An observer is on top of a lighthouse. How far from the foot of the lighthouse is the horizon that the observer can see?

Use vectors and matrices to explore the symmetries of crystals.

Here are several equations from real life. Can you work out which measurements are possible from each equation?

If a is the radius of the axle, b the radius of each ball-bearing, and c the radius of the hub, why does the number of ball bearings n determine the ratio c/a? Find a formula for c/a in terms of n.

Can you suggest a curve to fit some experimental data? Can you work out where the data might have come from?

This is our collection of tasks on the mathematical theme of 'Population Dynamics' for advanced students and those interested in mathematical modelling.

When you change the units, do the numbers get bigger or smaller?

Are these statistical statements sometimes, always or never true? Or it is impossible to say?

Estimate these curious quantities sufficiently accurately that you can rank them in order of size

Which units would you choose best to fit these situations?

Get further into power series using the fascinating Bessel's equation.

Use your skill and knowledge to place various scientific lengths in order of size. Can you judge the length of objects with sizes ranging from 1 Angstrom to 1 million km with no wrong attempts?

Can you match the charts of these functions to the charts of their integrals?

See how enormously large quantities can cancel out to give a good approximation to the factorial function.

Work with numbers big and small to estimate and calculate various quantities in biological contexts.

Why MUST these statistical statements probably be at least a little bit wrong?

Which line graph, equations and physical processes go together?

Invent scenarios which would give rise to these probability density functions.

Work with numbers big and small to estimate and calculate various quantities in physical contexts.

By exploring the concept of scale invariance, find the probability that a random piece of real data begins with a 1.

Formulate and investigate a simple mathematical model for the design of a table mat.

Which dilutions can you make using only 10ml pipettes?

The probability that a passenger books a flight and does not turn up is 0.05. For an aeroplane with 400 seats how many tickets can be sold so that only 1% of flights are over-booked?

Build up the concept of the Taylor series

Explore the possibilities for reaction rates versus concentrations with this non-linear differential equation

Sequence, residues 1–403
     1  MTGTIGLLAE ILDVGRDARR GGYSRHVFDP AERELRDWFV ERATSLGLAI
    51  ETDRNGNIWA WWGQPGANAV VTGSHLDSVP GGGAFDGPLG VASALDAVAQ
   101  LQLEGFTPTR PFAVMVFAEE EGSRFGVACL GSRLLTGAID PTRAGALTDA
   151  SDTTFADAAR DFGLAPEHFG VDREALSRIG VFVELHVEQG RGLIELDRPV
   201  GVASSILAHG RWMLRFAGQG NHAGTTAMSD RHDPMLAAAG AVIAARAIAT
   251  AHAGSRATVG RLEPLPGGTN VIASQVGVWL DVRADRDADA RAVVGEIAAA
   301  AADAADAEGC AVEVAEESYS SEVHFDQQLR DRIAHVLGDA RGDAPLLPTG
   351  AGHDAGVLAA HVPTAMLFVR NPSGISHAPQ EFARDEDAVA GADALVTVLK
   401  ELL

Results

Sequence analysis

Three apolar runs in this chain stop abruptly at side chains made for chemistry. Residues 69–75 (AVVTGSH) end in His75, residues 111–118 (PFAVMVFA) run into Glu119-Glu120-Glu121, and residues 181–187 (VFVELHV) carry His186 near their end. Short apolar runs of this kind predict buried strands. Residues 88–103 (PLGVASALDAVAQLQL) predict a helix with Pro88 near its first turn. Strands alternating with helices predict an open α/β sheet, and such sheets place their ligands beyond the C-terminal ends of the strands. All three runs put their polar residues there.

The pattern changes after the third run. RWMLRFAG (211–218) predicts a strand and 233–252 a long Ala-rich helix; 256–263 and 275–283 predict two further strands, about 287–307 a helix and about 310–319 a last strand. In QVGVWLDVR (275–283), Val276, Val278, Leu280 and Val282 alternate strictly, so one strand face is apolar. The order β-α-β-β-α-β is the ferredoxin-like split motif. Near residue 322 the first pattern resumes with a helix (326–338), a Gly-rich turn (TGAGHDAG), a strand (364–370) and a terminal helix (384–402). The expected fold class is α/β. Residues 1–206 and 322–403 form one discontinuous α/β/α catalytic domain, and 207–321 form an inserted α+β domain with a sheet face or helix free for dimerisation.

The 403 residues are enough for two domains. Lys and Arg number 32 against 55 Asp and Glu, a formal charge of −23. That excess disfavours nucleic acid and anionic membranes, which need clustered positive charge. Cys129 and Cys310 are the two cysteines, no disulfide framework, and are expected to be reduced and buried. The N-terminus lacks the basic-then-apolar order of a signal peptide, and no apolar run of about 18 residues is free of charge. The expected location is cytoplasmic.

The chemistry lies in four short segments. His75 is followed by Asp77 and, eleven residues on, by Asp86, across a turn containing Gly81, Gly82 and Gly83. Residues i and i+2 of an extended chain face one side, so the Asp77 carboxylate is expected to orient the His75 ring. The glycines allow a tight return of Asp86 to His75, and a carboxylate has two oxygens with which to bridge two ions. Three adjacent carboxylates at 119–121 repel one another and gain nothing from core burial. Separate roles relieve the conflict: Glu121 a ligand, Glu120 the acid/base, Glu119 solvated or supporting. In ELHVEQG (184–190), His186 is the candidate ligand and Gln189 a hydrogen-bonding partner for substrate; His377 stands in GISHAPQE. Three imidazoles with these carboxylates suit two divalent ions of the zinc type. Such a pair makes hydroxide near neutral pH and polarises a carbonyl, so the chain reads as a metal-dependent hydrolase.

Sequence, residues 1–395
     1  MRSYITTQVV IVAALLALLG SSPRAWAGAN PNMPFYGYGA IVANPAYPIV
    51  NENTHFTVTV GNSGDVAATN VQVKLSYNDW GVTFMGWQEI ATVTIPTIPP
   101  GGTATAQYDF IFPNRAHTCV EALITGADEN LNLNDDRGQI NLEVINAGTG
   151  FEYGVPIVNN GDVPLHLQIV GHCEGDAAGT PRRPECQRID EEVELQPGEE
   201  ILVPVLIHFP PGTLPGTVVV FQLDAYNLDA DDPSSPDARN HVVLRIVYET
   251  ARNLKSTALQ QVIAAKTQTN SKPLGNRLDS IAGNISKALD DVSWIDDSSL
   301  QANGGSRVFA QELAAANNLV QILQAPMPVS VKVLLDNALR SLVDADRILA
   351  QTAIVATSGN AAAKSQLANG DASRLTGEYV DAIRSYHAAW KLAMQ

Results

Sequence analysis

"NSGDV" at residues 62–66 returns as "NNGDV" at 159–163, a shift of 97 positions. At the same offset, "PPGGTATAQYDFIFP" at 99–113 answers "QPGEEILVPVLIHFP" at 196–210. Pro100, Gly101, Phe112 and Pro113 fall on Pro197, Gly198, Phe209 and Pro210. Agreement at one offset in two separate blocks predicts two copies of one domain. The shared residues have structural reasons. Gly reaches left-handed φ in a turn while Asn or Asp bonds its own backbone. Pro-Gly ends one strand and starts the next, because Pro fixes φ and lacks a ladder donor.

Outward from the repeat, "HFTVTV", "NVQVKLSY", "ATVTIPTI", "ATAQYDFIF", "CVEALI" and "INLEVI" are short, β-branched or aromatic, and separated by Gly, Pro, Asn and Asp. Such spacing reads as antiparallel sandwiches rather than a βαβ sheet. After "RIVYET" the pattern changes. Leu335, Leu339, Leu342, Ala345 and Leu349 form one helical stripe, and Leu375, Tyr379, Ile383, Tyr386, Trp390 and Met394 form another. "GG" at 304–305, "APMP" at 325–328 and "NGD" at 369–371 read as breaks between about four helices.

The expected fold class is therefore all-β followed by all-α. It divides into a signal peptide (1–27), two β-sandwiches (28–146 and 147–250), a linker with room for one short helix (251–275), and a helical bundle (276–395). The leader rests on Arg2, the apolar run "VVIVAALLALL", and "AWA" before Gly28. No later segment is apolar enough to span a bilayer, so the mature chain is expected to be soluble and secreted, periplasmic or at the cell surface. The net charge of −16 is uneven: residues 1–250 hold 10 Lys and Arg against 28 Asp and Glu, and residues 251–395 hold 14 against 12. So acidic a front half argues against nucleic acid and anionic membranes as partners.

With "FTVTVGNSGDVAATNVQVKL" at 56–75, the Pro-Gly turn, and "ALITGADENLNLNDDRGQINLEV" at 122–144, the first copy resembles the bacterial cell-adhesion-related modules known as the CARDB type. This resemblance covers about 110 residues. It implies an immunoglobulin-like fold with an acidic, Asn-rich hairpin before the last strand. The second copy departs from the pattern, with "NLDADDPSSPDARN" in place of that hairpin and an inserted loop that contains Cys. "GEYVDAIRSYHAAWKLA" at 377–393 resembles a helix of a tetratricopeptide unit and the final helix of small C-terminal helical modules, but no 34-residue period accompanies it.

Explore the meaning of the scalar and vector cross products and see how the two are related.

Is it really greener to go on the bus, or to buy local?

Where should runners start the 200m race so that they have all run the same distance by the finish?

Investigate circuits and record your findings in this simple introduction to truth tables and logic.

Many physical constants are only known to a certain accuracy. Explore the numerical error bounds in the mass of water and its constituents.

Starting with two basic vector steps, which destinations can you reach on a vector walk?

Can you make matrices which will fix one lucky vector and crush another to zero?

Explore the properties of matrix transformations with these 10 stimulating questions.

Can you sketch these difficult curves, which have uses in mathematical modelling?

Go on a vector walk and determine which points on the walk are closest to the origin.

Looking at small values of functions. Motivating the existence of the Taylor expansion.

Explore the shape of a square after it is transformed by the action of a matrix.

How do you write a computer program that creates the illusion of stretching elastic bands between pegs of a Geoboard? The answer contains some surprising mathematics.

Explore the meaning behind the algebra and geometry of matrices with these 10 individual problems.

Simple models which help us to investigate how epidemics grow and die out.

Could nanotechnology be used to see if an artery is blocked? Or is this just science fiction?

In Fill Me Up we invited you to sketch graphs as vessels are filled with water. Can you work out the equations of the graphs?

Get some practice using big and small numbers in chemistry.

Can Jo make a gym bag for her trainers from the piece of fabric she has?